Simply labelling a product compostable is not good enough as it does not specify how a product can be composted; it may only be able to decompose in a commercial facility. To date there is no agreed New Zealand standard for compostable packaging and food serviceware. In the absence of a New Zealand composting standard however, there are several overseas standards that are recognised in Aotearoa. For more information visit WasteMINZ

  • Home compostable: packaging labelled as Home Compostable must meet the requirements of breaking down in a home compost environment. They must use similar temperatures and time frames as it takes food to break down, around 90 days and lower than 550.
  • Commercially Compostable: commercially compostable plastics made from plants will break down but require specific conditions to do so. They will not break down in a home composting system. Commercial composting facilities also have special equipment to break down meat, dairy, or fish scraps in a pre-processing phase, allowing for this material to go through the composting process.

Am I saving the world?

Read the fine print. Maybe you’re buying plastic items that are better for the environment. But are they really? It can depend on where you throw these products out.

If you read “compostable in industrial facilities,” they must be broken down using commercial composting methods. Biodegradable cutlery, compostable coffee cups, packaging and bags, etc. aren’t eco-friendly if you don’t dispose of them properly, using a commercial composting service. We offer plant-based compostable food service packaging and eco catering disposables: quality environmentally friendly products at competitive prices. Speak with our team today about buying them for your customers and staff.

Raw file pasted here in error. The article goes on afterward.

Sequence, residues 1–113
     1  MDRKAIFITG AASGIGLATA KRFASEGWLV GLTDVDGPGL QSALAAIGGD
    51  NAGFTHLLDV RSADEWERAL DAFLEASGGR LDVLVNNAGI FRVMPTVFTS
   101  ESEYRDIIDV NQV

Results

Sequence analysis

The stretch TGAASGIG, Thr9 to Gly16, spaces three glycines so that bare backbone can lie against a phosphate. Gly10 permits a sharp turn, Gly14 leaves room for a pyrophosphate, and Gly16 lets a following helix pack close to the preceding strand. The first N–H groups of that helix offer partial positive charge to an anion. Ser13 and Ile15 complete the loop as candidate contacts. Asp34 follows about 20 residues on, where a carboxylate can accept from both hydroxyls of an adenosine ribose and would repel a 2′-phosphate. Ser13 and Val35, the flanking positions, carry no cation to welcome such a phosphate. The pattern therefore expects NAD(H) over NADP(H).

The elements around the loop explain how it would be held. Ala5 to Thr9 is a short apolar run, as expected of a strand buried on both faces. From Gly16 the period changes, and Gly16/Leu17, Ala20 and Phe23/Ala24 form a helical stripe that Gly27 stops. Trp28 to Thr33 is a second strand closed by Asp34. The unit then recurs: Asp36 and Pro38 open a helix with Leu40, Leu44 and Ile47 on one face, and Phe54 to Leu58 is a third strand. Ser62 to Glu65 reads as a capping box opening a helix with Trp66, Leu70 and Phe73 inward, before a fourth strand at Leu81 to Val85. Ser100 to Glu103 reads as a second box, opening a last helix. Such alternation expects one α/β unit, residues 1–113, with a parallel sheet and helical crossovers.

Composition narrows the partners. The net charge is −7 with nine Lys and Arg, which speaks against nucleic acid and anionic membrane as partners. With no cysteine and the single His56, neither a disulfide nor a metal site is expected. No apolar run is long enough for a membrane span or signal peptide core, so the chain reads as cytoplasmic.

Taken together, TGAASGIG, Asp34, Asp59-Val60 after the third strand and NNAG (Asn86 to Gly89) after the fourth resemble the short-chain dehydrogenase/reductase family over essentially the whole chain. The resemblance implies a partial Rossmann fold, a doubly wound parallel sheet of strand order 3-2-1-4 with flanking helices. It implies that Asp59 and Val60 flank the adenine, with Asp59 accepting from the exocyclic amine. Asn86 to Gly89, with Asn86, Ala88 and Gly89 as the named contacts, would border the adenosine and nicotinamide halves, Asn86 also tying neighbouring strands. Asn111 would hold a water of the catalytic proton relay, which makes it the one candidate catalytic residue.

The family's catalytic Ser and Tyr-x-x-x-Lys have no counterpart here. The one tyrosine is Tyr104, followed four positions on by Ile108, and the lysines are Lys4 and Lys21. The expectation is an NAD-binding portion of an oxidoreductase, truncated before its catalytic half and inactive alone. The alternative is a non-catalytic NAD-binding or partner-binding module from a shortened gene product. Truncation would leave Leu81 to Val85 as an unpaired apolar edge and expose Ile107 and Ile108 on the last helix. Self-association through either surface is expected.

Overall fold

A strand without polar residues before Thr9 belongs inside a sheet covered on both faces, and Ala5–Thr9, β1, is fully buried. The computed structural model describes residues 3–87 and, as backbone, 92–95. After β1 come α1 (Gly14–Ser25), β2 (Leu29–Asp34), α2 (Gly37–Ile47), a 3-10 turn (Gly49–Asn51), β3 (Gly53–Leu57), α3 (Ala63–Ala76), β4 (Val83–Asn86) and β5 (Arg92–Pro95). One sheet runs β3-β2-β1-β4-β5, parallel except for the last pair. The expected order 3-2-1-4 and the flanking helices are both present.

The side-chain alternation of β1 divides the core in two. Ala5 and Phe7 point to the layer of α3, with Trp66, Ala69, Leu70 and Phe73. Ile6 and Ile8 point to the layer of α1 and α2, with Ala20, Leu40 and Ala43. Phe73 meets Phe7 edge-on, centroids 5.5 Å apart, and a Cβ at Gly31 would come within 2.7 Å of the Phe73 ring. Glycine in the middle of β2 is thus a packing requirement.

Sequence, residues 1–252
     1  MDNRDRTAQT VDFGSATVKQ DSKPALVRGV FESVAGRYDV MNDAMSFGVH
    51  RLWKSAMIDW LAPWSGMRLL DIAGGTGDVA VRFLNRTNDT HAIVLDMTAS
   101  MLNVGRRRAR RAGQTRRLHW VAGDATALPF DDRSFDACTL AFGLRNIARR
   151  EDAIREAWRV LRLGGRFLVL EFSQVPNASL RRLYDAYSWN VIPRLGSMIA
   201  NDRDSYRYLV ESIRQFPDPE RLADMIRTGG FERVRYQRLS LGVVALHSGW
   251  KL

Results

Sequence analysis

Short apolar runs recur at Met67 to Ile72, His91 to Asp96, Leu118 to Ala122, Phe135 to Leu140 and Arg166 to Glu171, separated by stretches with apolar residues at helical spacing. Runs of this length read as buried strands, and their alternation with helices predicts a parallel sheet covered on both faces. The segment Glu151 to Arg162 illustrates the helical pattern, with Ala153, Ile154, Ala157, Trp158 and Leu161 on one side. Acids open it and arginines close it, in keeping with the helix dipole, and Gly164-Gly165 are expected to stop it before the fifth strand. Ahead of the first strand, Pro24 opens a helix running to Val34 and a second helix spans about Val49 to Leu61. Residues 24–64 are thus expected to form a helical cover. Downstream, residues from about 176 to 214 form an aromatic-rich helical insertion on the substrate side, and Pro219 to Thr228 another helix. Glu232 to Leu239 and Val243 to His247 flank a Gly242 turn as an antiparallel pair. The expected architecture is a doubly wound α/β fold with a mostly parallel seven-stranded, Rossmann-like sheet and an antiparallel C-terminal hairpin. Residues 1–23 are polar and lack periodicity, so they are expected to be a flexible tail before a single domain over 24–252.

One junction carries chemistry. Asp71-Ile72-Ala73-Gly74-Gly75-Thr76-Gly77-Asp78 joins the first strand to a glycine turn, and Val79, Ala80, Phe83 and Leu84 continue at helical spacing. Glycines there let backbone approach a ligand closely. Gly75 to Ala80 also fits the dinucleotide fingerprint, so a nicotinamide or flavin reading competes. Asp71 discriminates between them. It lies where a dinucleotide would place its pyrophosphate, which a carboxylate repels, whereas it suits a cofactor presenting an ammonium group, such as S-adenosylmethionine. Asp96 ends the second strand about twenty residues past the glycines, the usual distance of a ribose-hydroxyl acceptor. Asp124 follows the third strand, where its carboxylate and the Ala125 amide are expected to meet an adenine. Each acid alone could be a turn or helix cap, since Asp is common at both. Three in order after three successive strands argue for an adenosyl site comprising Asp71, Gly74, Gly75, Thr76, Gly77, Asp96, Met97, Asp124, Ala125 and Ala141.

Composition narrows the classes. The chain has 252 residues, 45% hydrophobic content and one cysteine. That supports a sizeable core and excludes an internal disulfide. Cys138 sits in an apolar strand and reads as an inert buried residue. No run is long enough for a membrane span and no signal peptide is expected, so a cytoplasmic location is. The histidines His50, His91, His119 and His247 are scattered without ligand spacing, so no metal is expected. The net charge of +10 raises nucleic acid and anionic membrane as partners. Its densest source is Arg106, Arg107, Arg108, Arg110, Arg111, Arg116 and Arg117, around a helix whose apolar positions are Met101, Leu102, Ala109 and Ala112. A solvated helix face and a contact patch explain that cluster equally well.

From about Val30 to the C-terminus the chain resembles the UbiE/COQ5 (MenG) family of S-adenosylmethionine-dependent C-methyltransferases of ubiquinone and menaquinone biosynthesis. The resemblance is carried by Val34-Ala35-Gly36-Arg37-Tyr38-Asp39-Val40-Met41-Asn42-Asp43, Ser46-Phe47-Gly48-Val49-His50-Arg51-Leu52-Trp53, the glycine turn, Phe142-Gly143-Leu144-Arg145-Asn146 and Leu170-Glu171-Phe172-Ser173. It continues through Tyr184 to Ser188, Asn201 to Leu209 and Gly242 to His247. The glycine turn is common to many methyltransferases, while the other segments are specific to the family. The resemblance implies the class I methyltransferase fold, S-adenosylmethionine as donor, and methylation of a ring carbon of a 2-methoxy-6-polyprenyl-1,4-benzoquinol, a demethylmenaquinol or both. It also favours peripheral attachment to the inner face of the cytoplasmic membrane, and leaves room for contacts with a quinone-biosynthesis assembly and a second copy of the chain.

Where can commercially compostable packaging be processed in New Zealand?

There are 12 industrial facilities in New Zealand and three community facilities that currently accept compostable packaging.

Compostable packaging is not accepted in council kerbside food waste collections or privately provided greenwaste collection bins. In most cases, a waste company must be used to collect and transport compostable packaging to a composting facility.

For a list of these facilities, the compostable packaging they accept, and the waste companies that can be used to deliver packaging to the facility go to https://www.wasteminz.org.nz/sector-groups/compost-nz/new-zealand-facilities-that-accept-compostable-packaging-and-food-serviceware/

This list was accurate as of May 2019.

Composting, whether at home or commercially shouldn’t be seen as a hassle. It is time to get serious about composting organic waste because the benefits are all too great to dismiss. We carry a very extensive range of sustainable, eco-friendly food service products, including drinking straws, wood and cornstarch chopsticks and cutlery, biodegradable coffee cups, takeaway food containers and cardboard food trays and recycled napkins. So, if you, like us, want to make a difference, simply call 0508 467 462 to speak to a member of our team.

 

Posted: Friday 27 November 2020